Repeating Spy Bridge

As the Cold War crescendo approached, two world powers exchanged a pair of spies on a bridge in Berlin that separates the East from the West. The date was February 10, 1962. The weather had recently turned from snow to mere training, symbolizing a temporary thaw in relations between the United States and the Soviet Union, which would have allowed them to make this gesture before the craze that was the source of the nuclear arms race.

At the time, according to author Giles Whittell, both ideological enemies had only ten ICBM nuclear warheads. Thirty years later, the Cold War was concluded, and they would own tens of thousands. Eisenhower's warning about the military / industrial complex seems to have been ignored. Over the course of time, Spy Bridge embraces the fact that we are seeing the foundation for a war that fortunately has never become a reality. It was fought in the shadows. Jill skilfully peeles the onion dome layers to show the fears the two sides had.

Enter to the left, William Fisher, a rather curious tribal spy from Russia. From Germany, he arrived in Canada with the help of passenger liners in the city of Quebec, in one of many accepted names. The date is November 1948. Counselors are seriously behind nuclear technology and, since the Los Alamos and Manhattan Project days, have been feverishly spying on Americans for success. Fisher's job is to recruit and set up a spy network across the US, with the latest Russian spy group being discovered and led (Klaus Fuchs and Rosenberg). William Fisher is a cool head spy. He mainly deals with secrecy and maintenance of this cover at all costs. He has done very little espionage for years. He seems to be quite comfortable keeping his cover as an artist in New York who retired after making oodles in the photo finishing business. The author points out that since no one has ever made more than half oodles at the time of photo finishing, his cover should have been suspect at first glance.

It reminds me of two Nazi spies who landed in submarine Gaspé in Quebec during World War II. They lasted all about fifteen minutes. They were sunbathing in a small hotel in the middle of nowhere and asking for a room. Paying in outdated currency, they went to a room for much-needed rest. The joiner couldn't imagine where these two "business travelers" had come from. Could they have really taken off their suitcases from the next village since they came on foot and stashed diesel? She immediately called Mounties. William Fisher should have been similarly revealed to his neighbors, who he would reveal with contradictory stories about his past, but they accidentally challenged him to the point of inventing the self-invented man to make an impression on others. Although obviously a liar for many contradictory histories, he was well received by colleagues and deeply shared their interest in art. His only contact in America, which he cultivated on barren soil, was Reino Hayhanen, who was worried about the sea and worried about a ban on the resurrection.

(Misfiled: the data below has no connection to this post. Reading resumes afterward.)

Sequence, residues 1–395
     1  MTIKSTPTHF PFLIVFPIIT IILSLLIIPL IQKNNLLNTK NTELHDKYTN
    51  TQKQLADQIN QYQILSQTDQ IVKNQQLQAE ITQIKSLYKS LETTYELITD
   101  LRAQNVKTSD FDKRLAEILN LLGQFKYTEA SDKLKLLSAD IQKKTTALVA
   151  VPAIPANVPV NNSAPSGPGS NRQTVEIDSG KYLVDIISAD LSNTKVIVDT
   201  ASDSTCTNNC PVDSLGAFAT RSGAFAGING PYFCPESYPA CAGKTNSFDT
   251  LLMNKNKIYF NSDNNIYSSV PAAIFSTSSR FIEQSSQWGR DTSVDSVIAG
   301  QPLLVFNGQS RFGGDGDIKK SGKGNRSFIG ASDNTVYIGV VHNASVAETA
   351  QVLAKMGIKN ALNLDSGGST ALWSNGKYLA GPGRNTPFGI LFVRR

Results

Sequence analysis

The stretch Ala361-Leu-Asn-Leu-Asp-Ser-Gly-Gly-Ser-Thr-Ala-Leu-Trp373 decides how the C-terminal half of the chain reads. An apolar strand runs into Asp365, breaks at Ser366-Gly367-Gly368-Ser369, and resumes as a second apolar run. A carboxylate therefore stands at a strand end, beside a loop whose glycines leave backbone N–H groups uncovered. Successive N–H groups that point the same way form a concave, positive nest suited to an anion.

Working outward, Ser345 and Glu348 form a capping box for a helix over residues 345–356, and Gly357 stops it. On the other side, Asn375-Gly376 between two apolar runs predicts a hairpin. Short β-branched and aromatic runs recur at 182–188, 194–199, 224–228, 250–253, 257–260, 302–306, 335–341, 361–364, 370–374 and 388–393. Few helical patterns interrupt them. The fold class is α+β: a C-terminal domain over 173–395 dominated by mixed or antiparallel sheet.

Enter the right side of the stage, Francis Gerry Powers, a young expert Air Force pilot approached by the CIA to conduct Soviet airspace missions. At this point, the United States is the Strategic Bomber Command, the large bombers are constantly being serviced and ready to fly over the North Pole to deliver nuclear bombs to Russia's hypothetical targets. Soon the Russians equate nuclear bomb technology and advance with ballistic missiles that can cross continents in minutes. America is in a panic and it is desperate to know how many rockets the Soviet authorities have and where they are. The US has developed a U2 aircraft that can fly at 70,000 feet, far above the ability of Russian fighter jets to intercept. They need the best pilots in the country to fly long missions over hostile areas, shooting rocket installations. For various reasons, it is not practical to ask the CIA to set up a spy network in the Soviet Union. This is the only approach available to them, and probably the most secure.

Citizens coming from a very modest background in Virginia are offered an amazing thirty thousand dollar flight to the CIA. Anyone who knows the US will recognize the lure of many disadvantaged Americans. Modern money equivalent to about half a million a year. The work consists mainly of training missions. Every invasion of hostile airspace must be approved by the president, so there are few flights over Russia. The real enemy becomes boredom and insidious jealousy of wives who cannot accompany them to remote air bases in Turkey, Iran and Pakistan.